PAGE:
For Shabondama Elegy (1999), Kerkhof collaborated with Japanese "pink movie" producer Suzuki Akihiro. Keiko (Japanese porn queen Mai Honisho) and her Dutch boyfriend are being chased by yakuza, but like other works in the Kerkhof canon, this unsettling hard-core film spends most of its time linking rape and violence against women to men and their institutions. The versatile Kerkhof tackles the musical in Nice to Meet You, Please Don't Rape Me (1991). Audiences, at least in Burkina Faso, resisted the temptation to sing along, instead stampeding toward the exits. Unfortunately they missed a singular vision of an apartheid-era South Africa in which "rape is the only growth industry." Ten Monologues From the Lives of the Serial Killers (1994) is a collage-critique of the West's culture of sex 'n' death, dotted with such luminaries as Charles Manson and J.G. Ballard's Atrocity Exhibition. Kerkhof also works to great effect in more narrow forms. He's most effective in the 24-minute The Dead Man 2 (1994), which envisions Western civilization as a weak, slobbering, wild-eyed old man begging for degradation. Kerkhof obliges.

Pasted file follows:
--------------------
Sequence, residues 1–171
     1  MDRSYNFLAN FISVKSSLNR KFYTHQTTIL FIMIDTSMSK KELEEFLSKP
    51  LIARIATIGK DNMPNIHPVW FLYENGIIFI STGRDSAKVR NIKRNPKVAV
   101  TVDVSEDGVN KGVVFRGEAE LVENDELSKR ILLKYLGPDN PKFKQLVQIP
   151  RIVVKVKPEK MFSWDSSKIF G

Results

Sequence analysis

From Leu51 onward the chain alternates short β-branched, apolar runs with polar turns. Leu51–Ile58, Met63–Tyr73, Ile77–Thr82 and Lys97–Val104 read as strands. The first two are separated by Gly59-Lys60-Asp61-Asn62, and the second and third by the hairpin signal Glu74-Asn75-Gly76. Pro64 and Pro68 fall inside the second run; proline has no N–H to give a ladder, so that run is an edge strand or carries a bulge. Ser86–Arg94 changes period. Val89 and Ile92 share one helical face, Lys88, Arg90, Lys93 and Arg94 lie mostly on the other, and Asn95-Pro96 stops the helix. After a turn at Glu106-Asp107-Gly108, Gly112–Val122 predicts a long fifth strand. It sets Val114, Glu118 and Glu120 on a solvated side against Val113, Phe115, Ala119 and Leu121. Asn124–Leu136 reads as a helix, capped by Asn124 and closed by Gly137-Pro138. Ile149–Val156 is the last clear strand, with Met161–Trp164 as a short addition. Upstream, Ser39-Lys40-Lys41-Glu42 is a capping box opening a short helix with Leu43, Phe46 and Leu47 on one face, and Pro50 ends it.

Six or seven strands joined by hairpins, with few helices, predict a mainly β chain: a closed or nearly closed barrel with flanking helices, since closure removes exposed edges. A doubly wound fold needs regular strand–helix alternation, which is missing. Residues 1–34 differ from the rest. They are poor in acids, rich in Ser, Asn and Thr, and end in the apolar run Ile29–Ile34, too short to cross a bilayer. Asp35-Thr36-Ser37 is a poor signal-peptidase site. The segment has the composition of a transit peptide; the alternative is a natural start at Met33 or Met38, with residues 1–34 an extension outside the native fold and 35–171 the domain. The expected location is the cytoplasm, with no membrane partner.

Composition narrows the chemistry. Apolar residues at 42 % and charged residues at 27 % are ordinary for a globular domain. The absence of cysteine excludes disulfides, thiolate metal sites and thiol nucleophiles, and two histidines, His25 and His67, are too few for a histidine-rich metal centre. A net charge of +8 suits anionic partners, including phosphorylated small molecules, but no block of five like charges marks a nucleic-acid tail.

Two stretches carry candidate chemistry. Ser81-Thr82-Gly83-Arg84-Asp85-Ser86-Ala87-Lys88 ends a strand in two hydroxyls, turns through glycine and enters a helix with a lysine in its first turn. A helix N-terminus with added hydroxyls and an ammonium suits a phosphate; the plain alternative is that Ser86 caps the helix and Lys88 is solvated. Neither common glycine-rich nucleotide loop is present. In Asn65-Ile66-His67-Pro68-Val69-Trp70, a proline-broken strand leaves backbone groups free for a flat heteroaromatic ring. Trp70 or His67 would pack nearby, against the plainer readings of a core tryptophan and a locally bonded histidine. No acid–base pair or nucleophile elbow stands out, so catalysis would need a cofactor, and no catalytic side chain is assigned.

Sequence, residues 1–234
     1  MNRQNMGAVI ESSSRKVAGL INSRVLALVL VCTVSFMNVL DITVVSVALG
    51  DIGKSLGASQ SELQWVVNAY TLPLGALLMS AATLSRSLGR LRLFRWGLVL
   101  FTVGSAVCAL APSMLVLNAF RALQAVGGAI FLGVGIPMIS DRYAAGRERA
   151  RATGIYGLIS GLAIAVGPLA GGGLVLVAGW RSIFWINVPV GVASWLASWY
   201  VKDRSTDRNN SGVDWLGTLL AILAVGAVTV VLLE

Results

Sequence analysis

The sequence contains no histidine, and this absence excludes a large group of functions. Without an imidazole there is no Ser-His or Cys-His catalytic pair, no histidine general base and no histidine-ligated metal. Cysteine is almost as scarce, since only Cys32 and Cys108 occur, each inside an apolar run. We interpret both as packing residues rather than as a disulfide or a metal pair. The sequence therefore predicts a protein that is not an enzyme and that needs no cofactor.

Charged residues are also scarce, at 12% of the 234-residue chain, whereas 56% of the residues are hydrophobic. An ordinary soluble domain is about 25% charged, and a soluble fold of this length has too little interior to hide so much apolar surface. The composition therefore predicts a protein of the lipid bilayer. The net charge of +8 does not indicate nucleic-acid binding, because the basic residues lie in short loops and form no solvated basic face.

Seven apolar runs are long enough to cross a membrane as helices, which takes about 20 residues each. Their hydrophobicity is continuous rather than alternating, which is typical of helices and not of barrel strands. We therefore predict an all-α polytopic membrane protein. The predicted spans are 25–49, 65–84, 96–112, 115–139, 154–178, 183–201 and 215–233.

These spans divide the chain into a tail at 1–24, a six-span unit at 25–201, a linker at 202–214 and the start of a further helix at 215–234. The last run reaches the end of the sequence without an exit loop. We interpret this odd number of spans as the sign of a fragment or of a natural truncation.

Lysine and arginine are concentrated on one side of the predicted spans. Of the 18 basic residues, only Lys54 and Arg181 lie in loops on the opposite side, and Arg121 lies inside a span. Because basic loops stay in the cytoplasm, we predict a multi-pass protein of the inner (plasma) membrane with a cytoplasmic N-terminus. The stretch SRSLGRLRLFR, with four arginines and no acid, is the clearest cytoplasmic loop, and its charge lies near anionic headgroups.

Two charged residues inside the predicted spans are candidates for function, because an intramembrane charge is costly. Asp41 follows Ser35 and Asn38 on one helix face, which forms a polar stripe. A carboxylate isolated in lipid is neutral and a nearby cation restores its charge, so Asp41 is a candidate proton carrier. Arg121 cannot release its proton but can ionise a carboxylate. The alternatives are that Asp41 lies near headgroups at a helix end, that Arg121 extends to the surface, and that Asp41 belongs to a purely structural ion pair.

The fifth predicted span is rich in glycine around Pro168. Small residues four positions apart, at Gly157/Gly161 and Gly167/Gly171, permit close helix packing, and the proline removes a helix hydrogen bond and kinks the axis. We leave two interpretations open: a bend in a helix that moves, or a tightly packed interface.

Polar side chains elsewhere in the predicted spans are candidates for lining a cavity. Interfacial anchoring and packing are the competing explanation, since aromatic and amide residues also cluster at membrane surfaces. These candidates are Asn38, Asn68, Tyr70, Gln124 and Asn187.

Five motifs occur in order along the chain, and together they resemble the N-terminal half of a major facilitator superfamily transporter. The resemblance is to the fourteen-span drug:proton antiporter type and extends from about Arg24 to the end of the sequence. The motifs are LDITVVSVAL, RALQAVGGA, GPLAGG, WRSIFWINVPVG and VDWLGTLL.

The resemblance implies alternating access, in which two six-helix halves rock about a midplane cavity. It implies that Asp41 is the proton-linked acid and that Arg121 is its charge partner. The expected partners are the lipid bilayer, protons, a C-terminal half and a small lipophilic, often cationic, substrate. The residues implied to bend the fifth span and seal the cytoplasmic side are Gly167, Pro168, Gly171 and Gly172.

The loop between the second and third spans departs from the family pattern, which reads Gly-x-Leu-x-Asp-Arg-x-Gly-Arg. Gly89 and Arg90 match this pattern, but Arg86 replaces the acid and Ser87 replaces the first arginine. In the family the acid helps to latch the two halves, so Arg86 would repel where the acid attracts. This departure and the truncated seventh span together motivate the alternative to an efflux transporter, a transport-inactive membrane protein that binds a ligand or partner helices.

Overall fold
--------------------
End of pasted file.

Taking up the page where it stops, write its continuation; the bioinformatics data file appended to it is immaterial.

"Wasted: An Ian Kerkhof Retrospective" starts Friday at 8 p.m. with Shabondama Elegy; Nice to Meet You, Please Don't Rape Me screens Saturday at 8 p.m.; on Wednesday, March 22, Ten Monologues From the Lives of the Serial Killers plays at 8 p.m.; Wasted! screens Friday, March 24, at 8 p.m. Kerkhof appears at all screenings, which are at Yerba Buena Center for the Arts, 701 Mission (at Third Street), S.F. Admission is $3-6; call 978-ARTS.